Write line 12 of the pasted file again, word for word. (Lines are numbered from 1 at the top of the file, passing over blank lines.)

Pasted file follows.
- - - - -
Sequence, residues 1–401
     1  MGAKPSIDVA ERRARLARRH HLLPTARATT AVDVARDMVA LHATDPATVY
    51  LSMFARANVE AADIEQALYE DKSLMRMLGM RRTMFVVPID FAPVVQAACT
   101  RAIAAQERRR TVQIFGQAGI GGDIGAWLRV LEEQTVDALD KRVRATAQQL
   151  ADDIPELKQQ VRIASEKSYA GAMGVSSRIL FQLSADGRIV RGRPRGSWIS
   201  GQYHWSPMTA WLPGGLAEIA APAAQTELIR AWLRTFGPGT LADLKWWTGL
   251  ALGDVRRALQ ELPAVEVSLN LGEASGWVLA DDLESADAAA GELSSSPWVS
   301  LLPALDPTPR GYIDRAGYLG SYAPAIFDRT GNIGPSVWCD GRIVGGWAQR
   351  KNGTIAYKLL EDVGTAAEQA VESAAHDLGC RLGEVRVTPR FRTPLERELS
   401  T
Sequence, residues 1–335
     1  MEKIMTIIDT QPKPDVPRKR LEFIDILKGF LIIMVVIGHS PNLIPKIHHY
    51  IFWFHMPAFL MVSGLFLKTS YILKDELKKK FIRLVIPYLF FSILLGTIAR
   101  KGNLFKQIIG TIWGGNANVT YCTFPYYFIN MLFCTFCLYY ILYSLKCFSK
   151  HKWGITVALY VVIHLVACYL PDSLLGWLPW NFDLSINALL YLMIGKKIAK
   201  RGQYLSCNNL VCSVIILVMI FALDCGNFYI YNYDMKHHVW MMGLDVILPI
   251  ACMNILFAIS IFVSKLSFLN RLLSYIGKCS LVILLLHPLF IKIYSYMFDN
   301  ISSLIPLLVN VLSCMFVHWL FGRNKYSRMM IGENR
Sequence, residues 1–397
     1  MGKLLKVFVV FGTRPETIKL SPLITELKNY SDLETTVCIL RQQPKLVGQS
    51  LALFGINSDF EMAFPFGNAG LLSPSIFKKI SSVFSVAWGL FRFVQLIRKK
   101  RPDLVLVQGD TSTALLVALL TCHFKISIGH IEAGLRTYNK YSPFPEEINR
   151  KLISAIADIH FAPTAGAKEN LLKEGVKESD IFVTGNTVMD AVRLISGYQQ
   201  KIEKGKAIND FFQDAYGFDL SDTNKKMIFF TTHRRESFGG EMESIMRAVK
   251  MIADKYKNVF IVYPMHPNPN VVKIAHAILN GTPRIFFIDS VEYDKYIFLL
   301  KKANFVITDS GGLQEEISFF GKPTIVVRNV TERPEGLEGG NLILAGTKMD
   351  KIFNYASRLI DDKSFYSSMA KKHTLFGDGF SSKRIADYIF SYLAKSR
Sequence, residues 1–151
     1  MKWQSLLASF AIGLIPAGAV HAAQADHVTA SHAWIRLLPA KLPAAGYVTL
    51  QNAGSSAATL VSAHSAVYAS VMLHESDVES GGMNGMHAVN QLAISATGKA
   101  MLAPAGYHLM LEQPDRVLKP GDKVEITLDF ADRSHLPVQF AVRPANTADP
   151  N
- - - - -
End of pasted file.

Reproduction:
     1  MEKIMTIIDT QPKPDVPRKR LEFIDILKGF LIIMVVIGHS PNLIPKIHHY